The evidence at trial showed that Westport, the Singers, and the McKennas all wanted Mount Hope to be successful so they could use it as a test case for future oil-to-gas conversion financing projects. In August 2014, while the Singers were aware that Westport was only beginning diligence on Mount Hope, Robison Energy began spending money on conversion work for Mount Hope.[166] And in November 2014, Robison Energy began actual conversion work on Mount Hope properties, which continued at least through January 2016.[167] Even though the March 2013 Mount Hope loan term sheets were contingent upon underwriting[168] and Mount Hope had been slow to provide the documents needed to complete the underwriting, [169] Robison Energy began the conversion work before financing had been committed[170] and continued "spending hundreds of thousands of dollars for Mount Hope's conversions."[171] Westport considered funding a bridge loan to Mount Hope in order to allow the conversion work to continue.[172] On August 15, 2014, Mount Hope and Robison Energy signed a bridge loan term sheet for a $2, 500, 000 loan, and the capital for the loan would come from a Westport investment in GEC Holdings or Robison Energy.[173]

         On September 9, 2014, David emailed Fritz Jean at Mount Hope about outstanding due diligence document requests that the Singers and Westport believed Garrett had made to Mount Hope.[174] Jean was not aware of the request and responded that he would "jump on it" the next morning.[175]

         On October 3, 2014, Chris Page, a Robison Energy employee, sent an email to Steven Goldenberg at Mount Hope requesting diligence materials in order to send them to Smith at Westport.[176] Goldenberg responded that the information had already been given to Garrett, and Garrett wrote that he had sent the information to Smith.[177] David testified that a box of Mount Hope files from Garrett, which primarily included rent rolls, was sitting in Robison Energy's office, and David scanned those documents and sent them to Smith with his assistant.[178]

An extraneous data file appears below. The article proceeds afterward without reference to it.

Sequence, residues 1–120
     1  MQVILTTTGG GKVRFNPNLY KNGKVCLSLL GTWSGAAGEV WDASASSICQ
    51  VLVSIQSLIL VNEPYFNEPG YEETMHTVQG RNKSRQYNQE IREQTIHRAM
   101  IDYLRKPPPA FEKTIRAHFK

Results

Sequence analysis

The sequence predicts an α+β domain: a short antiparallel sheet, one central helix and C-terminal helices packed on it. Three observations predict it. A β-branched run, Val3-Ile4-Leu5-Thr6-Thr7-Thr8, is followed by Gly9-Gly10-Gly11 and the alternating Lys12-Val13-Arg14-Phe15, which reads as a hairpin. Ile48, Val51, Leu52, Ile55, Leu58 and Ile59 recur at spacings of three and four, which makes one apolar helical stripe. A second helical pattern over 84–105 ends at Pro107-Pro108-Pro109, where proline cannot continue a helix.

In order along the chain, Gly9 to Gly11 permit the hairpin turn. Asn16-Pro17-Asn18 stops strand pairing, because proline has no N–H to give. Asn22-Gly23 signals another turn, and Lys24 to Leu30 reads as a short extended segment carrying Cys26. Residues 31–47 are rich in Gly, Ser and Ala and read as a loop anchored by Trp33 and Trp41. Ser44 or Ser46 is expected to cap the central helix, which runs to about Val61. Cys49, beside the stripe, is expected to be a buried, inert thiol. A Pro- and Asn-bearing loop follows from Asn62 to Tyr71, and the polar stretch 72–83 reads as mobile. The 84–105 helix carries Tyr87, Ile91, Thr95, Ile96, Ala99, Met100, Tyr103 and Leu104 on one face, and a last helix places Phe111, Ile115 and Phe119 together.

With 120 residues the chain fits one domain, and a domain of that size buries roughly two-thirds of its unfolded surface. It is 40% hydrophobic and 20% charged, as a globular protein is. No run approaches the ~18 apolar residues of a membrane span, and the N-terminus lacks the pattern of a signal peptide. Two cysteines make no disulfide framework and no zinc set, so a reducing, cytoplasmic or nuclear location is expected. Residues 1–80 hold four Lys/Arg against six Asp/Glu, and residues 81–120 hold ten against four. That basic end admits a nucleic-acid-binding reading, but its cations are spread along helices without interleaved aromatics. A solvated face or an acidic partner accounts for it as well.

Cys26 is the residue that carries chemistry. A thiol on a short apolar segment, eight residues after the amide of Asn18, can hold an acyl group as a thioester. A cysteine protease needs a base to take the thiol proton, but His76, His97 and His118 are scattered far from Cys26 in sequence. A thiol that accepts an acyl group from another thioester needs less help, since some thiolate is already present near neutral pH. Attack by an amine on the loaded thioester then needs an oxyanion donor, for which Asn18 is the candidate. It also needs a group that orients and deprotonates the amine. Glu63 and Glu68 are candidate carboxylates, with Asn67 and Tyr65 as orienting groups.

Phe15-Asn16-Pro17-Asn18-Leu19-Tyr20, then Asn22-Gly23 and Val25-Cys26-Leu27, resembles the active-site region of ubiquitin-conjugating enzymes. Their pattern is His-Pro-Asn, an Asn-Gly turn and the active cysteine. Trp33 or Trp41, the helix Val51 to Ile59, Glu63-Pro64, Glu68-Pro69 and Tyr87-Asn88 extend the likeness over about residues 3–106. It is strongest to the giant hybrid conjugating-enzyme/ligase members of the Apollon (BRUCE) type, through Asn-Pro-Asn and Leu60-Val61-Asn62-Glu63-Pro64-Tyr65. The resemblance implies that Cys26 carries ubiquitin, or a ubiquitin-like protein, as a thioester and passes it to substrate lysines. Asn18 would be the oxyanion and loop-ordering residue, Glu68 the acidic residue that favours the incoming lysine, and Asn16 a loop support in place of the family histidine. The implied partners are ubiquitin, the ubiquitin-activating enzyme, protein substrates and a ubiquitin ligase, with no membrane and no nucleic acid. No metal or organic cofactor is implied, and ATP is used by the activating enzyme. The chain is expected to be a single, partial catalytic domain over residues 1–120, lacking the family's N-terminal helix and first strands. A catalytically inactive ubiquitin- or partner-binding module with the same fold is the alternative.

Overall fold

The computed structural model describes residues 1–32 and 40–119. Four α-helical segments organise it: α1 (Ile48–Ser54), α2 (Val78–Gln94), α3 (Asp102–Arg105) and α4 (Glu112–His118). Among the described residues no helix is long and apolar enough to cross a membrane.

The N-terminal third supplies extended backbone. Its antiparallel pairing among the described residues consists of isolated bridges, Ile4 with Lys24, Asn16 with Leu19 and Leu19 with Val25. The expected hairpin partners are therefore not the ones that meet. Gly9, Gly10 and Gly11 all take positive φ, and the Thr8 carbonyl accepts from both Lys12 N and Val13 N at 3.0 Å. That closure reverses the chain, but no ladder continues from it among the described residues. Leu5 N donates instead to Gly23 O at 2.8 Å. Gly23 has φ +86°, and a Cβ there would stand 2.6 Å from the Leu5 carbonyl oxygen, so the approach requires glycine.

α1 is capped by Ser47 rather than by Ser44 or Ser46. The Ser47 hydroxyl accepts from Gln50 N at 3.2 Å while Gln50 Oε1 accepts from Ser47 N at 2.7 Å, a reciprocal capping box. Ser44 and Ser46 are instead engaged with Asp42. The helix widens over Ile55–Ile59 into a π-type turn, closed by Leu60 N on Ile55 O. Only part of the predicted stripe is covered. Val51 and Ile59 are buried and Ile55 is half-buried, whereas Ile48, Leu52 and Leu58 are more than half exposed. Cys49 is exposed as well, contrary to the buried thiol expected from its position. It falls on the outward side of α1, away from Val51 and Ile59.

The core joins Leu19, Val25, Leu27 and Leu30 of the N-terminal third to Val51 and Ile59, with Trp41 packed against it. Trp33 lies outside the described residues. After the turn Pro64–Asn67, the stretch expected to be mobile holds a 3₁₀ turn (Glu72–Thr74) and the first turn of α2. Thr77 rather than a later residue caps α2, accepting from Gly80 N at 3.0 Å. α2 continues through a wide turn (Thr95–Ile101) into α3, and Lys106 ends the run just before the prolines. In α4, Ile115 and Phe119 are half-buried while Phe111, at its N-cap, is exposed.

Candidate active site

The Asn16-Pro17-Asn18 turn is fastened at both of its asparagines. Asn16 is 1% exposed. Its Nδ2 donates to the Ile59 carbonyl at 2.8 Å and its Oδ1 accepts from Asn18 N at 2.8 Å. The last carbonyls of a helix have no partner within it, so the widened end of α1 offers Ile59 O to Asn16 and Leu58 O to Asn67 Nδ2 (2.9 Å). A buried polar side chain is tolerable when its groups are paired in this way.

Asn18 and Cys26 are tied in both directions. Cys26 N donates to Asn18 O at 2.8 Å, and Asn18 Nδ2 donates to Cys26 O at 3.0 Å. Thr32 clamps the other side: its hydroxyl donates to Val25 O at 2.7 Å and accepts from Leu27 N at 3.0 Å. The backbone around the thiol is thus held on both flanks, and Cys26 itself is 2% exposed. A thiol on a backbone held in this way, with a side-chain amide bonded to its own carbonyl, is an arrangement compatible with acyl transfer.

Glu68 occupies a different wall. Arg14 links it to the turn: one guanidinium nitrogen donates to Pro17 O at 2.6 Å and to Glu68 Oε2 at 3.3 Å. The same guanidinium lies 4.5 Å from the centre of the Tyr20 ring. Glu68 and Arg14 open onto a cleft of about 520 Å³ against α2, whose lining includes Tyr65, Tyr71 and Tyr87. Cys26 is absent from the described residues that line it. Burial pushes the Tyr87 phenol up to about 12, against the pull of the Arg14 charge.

After all of the Mount Hope diligence documents that had been received were assembled in Smith's possession, David "took it upon [himself] to go to Mount Hope and get the rest of the documents."[179] By this time, David had known for at least two months that no one had completed underwriting for loans to Mount Hope.[180]When David went to Mount Hope, Fritz Jean explained to him that a loan to Mount Hope could not be secured by mortgages on Mount Hope's properties without the consent of the City of New York.[181] The more Westport learned about Mount Hope, the worse the Mount Hope deal appeared. On January 15, 2015, Smith sent Socaransky an email explaining that the affordable housing regulator had forced Mount Hope to engage a property management company for its building portfolio and was requiring that Mount Hope complete a capital needs assessment.[182] Finally, Smith wrote that the Singers had spent $700, 000 in work on Mount Hope buildings and that if they had not done that, Smith would "run away" from this deal.[183] On January 16, 2015, GEC Holdings filed mechanics liens for the work done on the Mount Hope properties.[184] As of January 27, 2015, Mount Hope had not produced "basic requested information" to Westport.[185]